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Enron was founded in 1985, it was
the product of a merger between two small companies. The two companies were
Houston Natural Gas and InterNorth. When Enron came about it looked to be a
promising company, one to have a big impact on the economy. This essay will
shine light on the facts of the case, the
investigative methods which were used, the laws that were broken, the court
decision and the impact of the case.

Kenneth Lay, who had been the CEO of
Houston Natural Gas, became Enron’s CEO and chairman. He turned Enron into an
energy trader and supplier. During this time Enron took the changing times to
their advantage. It was the era when the internet was becoming the next big
thing and companies were using it as a tool to grow and for this instance,
stock shares was their main interest. The company really excelled in the
market. In the late 1990s, the Nasdaq hit 5,000.
Which this was completely revolutionary when it came to internet stocks. And
since it was so new and unheard of, investors simply accepted this as a new
normal and didn’t really question huge spikes in share prices. Enron
participated in the stock market by creating Enron Online (EOL). To make
themselves seem more desirable to participants, investors and trading partners,
would play the buyer or seller and they even offered their reputation to show
that they could be trusted, and vouched that their business was the absolute
best. A decade later Enron was up to nearly $350 billion in trades.

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When the recession began,
Enron would begin to become exposed which resulted that many investors and
creditors found themselves on the losing end. Enron had a way of hiding the
financial losses and it was called market to market accounting. It is basically
when you measure the item or in this case a company at is current market value
instead of its actual book value. It only has one benefit and that is always
the main company and it is devastating to others.

In
this case, Enron would build an asset, like a power plant. Even though they had
not made a profit from the plant that wouldn’t keep them from documenting the projected
profit in their books. So, if the revenue from the power plant or whatever
illegitimate business were less than the projected amount, Enron would transfer
these money to an off-the-books corporation Meaning that if it is off the books
then they will never have to report all that money. They did this type of
accounting numerous of times and it didn’t affect their bottom line and it
would make them appear more profitable than they really were. And that was a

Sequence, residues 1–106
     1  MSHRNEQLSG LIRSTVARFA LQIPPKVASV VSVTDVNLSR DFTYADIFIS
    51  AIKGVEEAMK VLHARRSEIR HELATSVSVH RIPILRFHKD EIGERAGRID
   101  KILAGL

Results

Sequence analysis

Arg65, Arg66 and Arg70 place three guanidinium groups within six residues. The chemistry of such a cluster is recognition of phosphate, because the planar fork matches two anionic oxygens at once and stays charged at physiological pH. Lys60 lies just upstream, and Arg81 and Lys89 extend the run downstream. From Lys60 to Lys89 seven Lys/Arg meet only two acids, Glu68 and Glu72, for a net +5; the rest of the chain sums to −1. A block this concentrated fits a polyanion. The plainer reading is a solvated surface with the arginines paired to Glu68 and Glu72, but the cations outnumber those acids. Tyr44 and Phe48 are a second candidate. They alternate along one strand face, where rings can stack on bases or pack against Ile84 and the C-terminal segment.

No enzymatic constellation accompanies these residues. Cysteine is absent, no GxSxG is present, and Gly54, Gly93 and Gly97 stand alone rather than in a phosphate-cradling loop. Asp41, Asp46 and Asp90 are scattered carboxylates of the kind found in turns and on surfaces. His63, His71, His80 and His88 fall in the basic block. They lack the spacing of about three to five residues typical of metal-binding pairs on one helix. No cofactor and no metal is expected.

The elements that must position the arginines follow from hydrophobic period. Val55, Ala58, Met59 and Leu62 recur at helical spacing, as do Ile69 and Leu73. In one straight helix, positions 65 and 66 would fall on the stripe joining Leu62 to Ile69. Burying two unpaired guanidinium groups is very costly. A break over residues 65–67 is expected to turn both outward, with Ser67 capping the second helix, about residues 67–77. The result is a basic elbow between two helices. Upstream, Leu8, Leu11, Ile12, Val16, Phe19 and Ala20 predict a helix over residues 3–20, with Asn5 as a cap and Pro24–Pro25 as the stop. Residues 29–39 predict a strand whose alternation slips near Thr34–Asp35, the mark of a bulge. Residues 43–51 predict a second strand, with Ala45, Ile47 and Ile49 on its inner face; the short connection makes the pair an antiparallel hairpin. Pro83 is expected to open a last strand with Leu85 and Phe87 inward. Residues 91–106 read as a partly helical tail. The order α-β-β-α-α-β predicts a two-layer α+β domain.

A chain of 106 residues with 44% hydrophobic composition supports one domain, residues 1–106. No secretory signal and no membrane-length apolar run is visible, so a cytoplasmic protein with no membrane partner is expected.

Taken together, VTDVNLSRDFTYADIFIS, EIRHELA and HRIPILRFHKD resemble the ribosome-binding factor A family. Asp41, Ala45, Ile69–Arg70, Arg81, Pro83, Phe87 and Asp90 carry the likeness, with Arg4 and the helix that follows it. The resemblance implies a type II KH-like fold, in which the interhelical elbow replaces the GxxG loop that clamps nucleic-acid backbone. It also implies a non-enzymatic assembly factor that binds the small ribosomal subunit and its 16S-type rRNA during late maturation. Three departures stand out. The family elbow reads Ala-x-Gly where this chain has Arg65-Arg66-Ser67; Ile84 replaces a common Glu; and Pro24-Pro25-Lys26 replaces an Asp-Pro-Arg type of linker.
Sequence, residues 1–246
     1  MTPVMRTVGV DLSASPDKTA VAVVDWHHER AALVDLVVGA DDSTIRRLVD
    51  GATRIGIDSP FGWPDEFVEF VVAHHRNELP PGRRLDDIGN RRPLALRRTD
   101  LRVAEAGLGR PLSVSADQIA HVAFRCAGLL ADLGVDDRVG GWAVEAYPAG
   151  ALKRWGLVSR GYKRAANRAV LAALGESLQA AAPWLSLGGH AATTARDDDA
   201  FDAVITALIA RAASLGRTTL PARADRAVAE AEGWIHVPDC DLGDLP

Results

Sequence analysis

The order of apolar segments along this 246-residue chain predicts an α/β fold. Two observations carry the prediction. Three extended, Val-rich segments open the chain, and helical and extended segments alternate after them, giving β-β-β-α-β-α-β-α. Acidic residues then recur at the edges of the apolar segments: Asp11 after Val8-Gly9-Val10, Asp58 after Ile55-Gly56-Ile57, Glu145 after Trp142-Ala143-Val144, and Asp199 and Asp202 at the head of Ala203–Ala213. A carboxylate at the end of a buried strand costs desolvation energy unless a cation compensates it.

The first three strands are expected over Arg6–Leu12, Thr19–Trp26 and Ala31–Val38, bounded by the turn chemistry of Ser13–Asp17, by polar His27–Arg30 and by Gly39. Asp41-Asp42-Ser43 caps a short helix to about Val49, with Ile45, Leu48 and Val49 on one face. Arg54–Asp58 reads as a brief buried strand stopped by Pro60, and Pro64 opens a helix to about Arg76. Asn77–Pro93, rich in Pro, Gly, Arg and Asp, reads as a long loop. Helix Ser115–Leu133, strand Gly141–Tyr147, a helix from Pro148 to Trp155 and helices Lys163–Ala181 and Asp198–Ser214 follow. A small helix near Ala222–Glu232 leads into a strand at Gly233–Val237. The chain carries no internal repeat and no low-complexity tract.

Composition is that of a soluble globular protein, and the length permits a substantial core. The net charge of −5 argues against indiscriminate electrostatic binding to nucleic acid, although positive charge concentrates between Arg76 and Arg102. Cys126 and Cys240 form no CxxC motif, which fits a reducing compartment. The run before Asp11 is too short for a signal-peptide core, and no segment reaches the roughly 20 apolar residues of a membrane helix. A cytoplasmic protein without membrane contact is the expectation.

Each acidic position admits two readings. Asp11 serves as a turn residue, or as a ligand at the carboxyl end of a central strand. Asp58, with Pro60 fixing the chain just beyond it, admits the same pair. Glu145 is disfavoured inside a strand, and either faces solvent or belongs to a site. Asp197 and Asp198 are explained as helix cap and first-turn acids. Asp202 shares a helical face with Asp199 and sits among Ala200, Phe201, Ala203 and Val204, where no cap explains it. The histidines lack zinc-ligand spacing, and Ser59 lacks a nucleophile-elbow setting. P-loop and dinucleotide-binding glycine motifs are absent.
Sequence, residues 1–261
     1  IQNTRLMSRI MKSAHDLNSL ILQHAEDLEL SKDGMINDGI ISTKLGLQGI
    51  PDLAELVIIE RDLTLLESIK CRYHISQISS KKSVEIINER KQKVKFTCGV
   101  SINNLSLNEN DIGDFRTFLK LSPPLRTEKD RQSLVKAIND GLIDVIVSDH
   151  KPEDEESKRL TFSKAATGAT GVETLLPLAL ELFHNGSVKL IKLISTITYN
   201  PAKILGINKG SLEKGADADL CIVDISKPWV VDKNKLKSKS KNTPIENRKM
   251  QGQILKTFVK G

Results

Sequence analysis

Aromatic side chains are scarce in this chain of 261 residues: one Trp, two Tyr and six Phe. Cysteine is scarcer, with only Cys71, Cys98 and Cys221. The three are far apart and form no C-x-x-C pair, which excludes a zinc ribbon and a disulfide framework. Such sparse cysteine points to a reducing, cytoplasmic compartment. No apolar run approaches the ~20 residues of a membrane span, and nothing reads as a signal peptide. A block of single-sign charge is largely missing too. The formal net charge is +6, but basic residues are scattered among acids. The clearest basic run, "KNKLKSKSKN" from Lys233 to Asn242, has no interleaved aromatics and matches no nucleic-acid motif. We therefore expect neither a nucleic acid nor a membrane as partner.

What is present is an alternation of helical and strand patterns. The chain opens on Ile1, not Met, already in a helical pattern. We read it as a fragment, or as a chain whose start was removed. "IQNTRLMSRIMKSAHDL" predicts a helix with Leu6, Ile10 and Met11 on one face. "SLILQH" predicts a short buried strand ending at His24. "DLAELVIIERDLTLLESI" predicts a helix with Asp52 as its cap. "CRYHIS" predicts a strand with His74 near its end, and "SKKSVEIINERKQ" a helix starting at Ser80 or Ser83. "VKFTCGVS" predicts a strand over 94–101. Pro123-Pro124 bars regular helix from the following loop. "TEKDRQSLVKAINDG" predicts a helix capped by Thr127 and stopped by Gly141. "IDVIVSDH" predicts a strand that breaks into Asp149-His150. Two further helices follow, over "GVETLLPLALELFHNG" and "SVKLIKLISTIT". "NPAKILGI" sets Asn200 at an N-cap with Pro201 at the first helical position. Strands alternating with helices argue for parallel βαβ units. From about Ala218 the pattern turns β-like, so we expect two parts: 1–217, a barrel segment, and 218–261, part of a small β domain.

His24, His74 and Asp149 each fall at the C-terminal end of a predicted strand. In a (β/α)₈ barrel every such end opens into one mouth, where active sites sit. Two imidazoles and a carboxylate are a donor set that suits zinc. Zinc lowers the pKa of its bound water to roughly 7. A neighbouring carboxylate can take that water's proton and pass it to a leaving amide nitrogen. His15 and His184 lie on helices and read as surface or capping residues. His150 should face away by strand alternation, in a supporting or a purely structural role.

big thanks to Enron’s CFO, Andrew Fastow. It was his plan that look like Enron
was in good shape even though investors were losing money.

            When it came to light that there was
something wrong with Enron’s bookkeeping, it didn’t take long for Securities
and Exchange Commission to act. October 31, 2001 the inquiry had grown into a
formal investigation and on December 2, 2001 Enron filed for bankruptcy. Enron’s
shares drastically dropped from over $90.75 to just a few cents. This not only impacted
Enron but its investors, US market and the world. The executives and insiders
at Enron were facing many charges that included including fraud, money
laundering, and conspiracy just to name a few. Many Enron executives sold their
shares just before the collapse. But also during this time, the Enron
executives were encouraging people to invest more of their money and some would
be their life savings into the company.

The day Enron filed for bankruptcy
the company’s employees were told to pack up their belongings and leave the premises
and they only had thirty minutes to do so. It is alarming that 90,000 people
lost their jobs; Enron employees, who had been encouraged to invest their
retirement plans in company stock, lost $2 billion into the bargain. Life savings,
college funds and people’s way of life was all gone. Stockholders lost $70
billion subsequently to this scandal and even the state of California sued Enron
for $6 billion in energy losses. The lawsuit accused twenty-nine of the
executives and directors of insider trading and misleading the public. Chief
executive Ken Lay escaped justice, dying of a heart attack before he was sentenced.
Skilling, Fastow and another dozen executives went to prison.

 

Enron at first appeared to have the
potential to be a successful and blossoming company. But with their greed, unethical
and illegal decisions it kept them from being a legitimate and successful company.
The Enron scandal has forever left its mark on history. One good thing that came
from this scandal is the Sarbanes-Oxley Act to prevent another event like this
from ever happening again. We can only hope and pray that we all learned something
from this and that every business; big or small will be more ethical and law abiding.

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